What Is Retinoblastoma in Dogs?
Retinoblastoma is a cancerous tumor of the retina, which is the part of the eye that senses light. It usually affects children under the age of 6 but can also appear in dogs.
The first documented case of spontaneous retinoblastoma in dogs occurred in 1997, according to the Archives of Ophthalmology. It appeared with very similar symptoms seen in human retinoblastoma.
The symptom that is usually first noticed in dogs is a white glow in the eye in photographs when a flash was used. This is different from typical red-eye or blue reflections seen in healthy dogs’ eyes. Other symptoms include pain, crossed eyes, problems seeing or a change in iris color.
A symptom more specific to retinoblastoma that has been documented in humans and dogs is a Flexner-Wintersteiner rosette, which is a cell shaped like a spoke and wheel in the eye.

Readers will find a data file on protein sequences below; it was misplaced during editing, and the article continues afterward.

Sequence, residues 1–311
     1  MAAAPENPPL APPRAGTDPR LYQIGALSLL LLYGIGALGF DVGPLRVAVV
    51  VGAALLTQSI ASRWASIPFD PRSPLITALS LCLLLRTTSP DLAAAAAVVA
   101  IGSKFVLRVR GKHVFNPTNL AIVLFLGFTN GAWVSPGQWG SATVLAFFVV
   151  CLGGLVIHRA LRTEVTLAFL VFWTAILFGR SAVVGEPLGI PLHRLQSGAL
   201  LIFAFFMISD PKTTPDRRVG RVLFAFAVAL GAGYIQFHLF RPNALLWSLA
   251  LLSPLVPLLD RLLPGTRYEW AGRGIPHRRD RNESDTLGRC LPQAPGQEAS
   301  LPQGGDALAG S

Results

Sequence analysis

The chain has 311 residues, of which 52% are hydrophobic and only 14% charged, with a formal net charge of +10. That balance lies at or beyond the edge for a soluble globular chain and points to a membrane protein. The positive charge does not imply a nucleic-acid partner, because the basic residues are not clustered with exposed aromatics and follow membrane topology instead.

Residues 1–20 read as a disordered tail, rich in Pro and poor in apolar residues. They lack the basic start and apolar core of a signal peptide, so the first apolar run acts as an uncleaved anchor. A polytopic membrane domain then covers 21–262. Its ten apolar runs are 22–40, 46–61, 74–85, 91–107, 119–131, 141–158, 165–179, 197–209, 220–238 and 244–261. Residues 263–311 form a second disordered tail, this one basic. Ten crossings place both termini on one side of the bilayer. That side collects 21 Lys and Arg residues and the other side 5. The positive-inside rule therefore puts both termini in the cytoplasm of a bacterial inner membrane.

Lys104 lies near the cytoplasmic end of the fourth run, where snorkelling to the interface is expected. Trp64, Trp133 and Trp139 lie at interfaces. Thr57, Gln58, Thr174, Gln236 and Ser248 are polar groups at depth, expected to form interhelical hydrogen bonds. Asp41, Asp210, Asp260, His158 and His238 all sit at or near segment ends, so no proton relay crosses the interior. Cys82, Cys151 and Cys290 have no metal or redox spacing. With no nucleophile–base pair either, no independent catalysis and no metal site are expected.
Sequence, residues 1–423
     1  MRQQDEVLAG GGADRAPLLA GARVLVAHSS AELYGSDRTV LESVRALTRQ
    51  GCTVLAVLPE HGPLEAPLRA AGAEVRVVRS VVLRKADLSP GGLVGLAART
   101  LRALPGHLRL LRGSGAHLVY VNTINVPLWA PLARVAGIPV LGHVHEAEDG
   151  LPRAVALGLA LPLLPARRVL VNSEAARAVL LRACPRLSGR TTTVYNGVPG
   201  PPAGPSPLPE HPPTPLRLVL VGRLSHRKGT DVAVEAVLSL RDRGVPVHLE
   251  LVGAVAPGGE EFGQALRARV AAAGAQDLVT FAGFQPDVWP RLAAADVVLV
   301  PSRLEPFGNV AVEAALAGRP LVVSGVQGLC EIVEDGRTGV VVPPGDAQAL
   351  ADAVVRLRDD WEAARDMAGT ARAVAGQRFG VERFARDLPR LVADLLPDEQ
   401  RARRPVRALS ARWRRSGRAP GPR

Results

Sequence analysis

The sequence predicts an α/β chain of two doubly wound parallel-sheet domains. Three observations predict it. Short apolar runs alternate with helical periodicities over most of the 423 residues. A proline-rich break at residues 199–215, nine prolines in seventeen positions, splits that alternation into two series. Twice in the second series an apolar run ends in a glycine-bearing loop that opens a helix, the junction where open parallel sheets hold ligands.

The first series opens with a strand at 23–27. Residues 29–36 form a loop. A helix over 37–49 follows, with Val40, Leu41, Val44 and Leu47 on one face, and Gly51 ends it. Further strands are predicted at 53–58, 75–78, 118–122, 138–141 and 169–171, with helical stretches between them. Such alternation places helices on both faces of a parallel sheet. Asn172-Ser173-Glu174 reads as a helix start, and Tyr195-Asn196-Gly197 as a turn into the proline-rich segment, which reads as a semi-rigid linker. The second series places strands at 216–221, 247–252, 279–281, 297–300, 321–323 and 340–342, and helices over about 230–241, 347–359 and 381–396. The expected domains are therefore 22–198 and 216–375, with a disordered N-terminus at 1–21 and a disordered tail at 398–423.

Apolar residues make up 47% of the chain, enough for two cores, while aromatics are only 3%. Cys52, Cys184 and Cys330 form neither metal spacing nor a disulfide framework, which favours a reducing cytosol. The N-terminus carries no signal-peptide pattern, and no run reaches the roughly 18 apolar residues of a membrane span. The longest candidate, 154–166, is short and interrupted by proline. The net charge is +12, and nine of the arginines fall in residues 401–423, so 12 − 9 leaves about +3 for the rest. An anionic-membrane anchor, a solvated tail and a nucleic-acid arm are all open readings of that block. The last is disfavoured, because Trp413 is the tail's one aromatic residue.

Retinoblastoma can be genetic, but it is not always. It is caused when a retinal cell mutates, causing cancerous growth to spread throughout the retina of the eye. It can influence one or the two eyes.
Treatment relies upon how far the malignant growth has spread. For humans, laser therapy and radiation are available. In dogs, it is less likely that expensive treatment processes would be used. Removal of the eye—if the cancer has not spread outside of it—is possible.
A pet owner can get information about a dog’s ancestors from the breeder. If there has been a history of this type of cancer, especially if it occurred in both eyes, then a dog has an increased chance of getting the disease.